Presented by: Paris Tranos, MD, PhD, ICOphth, FRCS
Edited by: Penelope de Politis, MD
A 16-year-old boy was referred for further investigation of a right retinal lesion noticed during routine eye examination.
Figure 1: Wide-angle and close-up color fundus photographs showing a cluster of saccular lesions at the 12 o’clock position of retinal periphery in the right eye.
A 16-year-old Caucasian boy was referred for further investigation of a fundus lesion detected during routine ophthalmological examination. Previous ocular and systemic history was unremarkable. Family history was negative for severe ophthalmological disorders. Upon examination, uncorrected distance visual acuity was 10/10 in both eyes with emmetropia. Slit-lamp examination showed no abnormalities and intraocular pressure was within normal limits bilaterally. Fundoscopy revealed dark intraretinal aneurysms with a characteristic «cluster-of-grapes» appearance at the superior retinal periphery of the right eye (Figure 1), whereas retinal examination of the left eye was unremarkable.
Fundus fluorescein angiography (FA) showed early hypofluorescence, followed by slow filling of the saccular lesions during the venous phase, and subsequent progressive hyperfluorescence. Pooling of dye in the upper half of the saccules was noted in the late phase, giving it the appearance of a “fluorescein cap” (Figure 2).
Figure 2: Fundus fluorescein angiography of the right eye demonstrating early hypofluorescence of the retinal lesion and slow progressive filling of the saccules during the venous phase.
- choroidal melanoma
- retinal capillary hemangioma
- retinal cavernous hemangioma
- retinal vasoproliferative tumor
- racemose hemangiomatosis
- extraophthalmic cancer metastatic to the choroid
- benign reactive lymphoid hyperplasia of the choroid
- leukemic choroidal infiltration
Clinical findings and multimodal imaging were consistent with the diagnosis of retinal cavernous hemangioma. The main differentiation of this benign lesion is with the other forms of fundus vascular tumors; however, lesions with potentially high morbidity and mortality such as choroidal melanoma must be excluded.
Further investigation with magnetic resonance imaging (MRI) of the brain and ultrasonography (USG) of the liver was recommended. Pediatric neurological and neurosurgical workup rendered the detection of multiple small encephalic and cerebellar hemangiomas. Due to the asymptomatic nature of the retinal lesion, no ocular intervention was undertaken, and the patient was scheduled for periodical examination.
Discussion and Literature
The vascular tumors of the retina and choroid comprise a diverse group of congenital and acquired lesions. The major vascular tumors of the retina include retinal capillary hemangioma, retinal cavernous hemangioma, retinal vasoproliferative tumor, and racemose hemangiomatosis or Wyburn-Mason syndrome. Choroidal vascular tumors are hemangiomas, classified into two subtypes, circumscribed and diffuse, based on the extent of choroidal involvement.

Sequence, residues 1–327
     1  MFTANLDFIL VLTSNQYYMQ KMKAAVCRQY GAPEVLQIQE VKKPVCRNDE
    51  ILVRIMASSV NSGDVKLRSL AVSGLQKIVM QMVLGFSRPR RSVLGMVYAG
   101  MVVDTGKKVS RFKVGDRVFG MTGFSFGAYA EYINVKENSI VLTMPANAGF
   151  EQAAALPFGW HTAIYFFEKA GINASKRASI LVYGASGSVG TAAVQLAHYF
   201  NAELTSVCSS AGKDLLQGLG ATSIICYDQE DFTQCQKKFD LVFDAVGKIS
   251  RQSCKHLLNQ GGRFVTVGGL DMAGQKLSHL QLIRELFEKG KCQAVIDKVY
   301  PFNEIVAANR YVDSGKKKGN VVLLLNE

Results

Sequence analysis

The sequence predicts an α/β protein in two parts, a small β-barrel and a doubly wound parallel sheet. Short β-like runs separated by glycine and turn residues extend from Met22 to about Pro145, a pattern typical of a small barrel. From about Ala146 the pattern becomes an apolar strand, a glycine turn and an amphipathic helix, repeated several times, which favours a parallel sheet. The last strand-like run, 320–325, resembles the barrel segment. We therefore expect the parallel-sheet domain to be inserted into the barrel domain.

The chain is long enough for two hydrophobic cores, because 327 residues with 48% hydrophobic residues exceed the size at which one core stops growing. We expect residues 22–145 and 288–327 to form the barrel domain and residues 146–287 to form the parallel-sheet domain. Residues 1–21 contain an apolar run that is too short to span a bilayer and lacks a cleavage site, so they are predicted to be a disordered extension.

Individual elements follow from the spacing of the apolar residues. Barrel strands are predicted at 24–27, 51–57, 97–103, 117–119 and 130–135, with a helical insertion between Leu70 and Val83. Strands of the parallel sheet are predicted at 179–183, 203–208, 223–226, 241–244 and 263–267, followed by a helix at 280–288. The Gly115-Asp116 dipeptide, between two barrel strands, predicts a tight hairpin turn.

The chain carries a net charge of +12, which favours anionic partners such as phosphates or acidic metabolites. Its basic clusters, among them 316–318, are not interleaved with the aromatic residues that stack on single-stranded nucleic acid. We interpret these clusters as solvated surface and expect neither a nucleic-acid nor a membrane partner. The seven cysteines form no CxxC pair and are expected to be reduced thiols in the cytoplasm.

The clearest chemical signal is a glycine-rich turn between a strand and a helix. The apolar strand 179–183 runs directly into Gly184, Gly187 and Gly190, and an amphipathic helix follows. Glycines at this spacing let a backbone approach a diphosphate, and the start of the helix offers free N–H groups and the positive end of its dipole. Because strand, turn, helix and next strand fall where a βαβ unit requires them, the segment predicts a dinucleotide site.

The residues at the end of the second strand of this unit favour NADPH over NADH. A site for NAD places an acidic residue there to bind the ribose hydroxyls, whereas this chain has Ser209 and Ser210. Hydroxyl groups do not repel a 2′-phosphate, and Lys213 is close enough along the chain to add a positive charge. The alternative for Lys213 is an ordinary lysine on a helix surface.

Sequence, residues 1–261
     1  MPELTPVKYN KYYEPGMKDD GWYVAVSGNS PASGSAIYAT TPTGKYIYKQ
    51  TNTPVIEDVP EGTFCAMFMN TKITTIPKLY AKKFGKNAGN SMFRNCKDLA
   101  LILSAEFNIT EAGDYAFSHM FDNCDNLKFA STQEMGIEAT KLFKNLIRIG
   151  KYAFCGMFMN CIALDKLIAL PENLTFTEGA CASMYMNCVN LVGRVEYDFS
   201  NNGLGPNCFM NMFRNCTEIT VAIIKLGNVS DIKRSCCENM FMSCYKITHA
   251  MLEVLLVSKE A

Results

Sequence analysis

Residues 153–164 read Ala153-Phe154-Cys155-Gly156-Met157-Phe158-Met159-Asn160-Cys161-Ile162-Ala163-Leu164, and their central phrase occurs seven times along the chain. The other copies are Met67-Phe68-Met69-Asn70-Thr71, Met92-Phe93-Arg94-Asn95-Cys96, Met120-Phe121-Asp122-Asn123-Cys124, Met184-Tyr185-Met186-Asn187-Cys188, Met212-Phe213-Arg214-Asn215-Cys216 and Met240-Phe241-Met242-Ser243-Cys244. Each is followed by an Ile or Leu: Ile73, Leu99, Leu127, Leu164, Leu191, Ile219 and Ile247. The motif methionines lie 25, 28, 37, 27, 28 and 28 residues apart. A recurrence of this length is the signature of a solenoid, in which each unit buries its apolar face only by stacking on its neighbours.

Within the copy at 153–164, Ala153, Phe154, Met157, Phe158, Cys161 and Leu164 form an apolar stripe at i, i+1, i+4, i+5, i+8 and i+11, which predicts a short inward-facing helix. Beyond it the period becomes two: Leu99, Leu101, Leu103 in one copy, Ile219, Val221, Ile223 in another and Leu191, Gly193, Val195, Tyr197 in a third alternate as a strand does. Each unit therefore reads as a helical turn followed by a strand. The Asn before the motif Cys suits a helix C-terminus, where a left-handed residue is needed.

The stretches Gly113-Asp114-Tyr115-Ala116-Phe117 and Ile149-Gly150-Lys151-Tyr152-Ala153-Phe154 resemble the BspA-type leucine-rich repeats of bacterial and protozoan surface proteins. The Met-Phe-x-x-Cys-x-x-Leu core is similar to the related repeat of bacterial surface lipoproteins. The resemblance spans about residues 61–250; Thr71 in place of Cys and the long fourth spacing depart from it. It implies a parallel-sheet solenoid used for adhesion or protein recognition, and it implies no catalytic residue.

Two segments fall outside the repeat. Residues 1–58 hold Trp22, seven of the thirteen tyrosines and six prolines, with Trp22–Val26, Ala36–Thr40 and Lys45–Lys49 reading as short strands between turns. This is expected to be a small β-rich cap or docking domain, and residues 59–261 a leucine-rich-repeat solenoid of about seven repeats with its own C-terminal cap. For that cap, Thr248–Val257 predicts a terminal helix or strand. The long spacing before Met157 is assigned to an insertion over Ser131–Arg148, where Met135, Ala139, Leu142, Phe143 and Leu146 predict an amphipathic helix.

Chorioretinal vascular tumors can occur independently or in association with systemic diseases, present with ocular manifestations or be diagnosed by chance during routine ophthalmological examination. Any patient with an intraocular vascular lesion must be therefore evaluated for lesions in other locations and evidence of syndromic conditions (e.g., retinal hemangioblastoma in von Hippel Lindau disease, choroidal hemangioma in Sturge–Weber syndrome, retinal cavernous hemangioma in familial cerebral cavernomatosis).
Retinal cavernous hemangioma (RCH) is a rare benign vascular tumor, usually diagnosed in children and young adults. There is a clearly higher prevalence among white individuals, with even gender distribution. The vast majority of cases are isolated solitary lesions, but RCH may occur as a component of an autosomal dominantly inherited neuro-oculo-cutaneous syndrome featuring histologically similar central nervous system and cutaneous vascular malformations. Bilateral cases are strongly correlated with the hereditary form. Intracranial involvement occurs in about 15% of patients with RCH. Though a history of headache or visual disturbances is suggestive of intracranial involvement, most patients are asymptomatic.
Decision to treat any of the types of benign retinal vascular tumours should be based on the presence and extent of visual symptoms and potential for visual recovery. Treatment depends on tumor location, the presence of subretinal fluid, and the extent of symptoms. Periodic observation alone may be warranted for asymptomatic cases where tumors lack subretinal fluid threatening the macula. When vision impairment occurs, therapy is aimed at inducing tumor atrophy, with resolution of subretinal fluid and foveal distortion. Current treatment options include argon laser photocoagulation, proton beam radiotherapy, transpupillary thermotherapy (TTT), photodynamic therapy (PDT), and anti-vascular endothelial growth factor (VEGF) therapy.
Keep in mind
- Retinal cavernous hemangioma is a rare benign vascular tumor, commonly asymptomatic.
- Accurate differential diagnosis and detection of systemic associations is a crucial step in management.
- Ocular treatment is restricted to vision-threatening complications, since most lesions require observation only.
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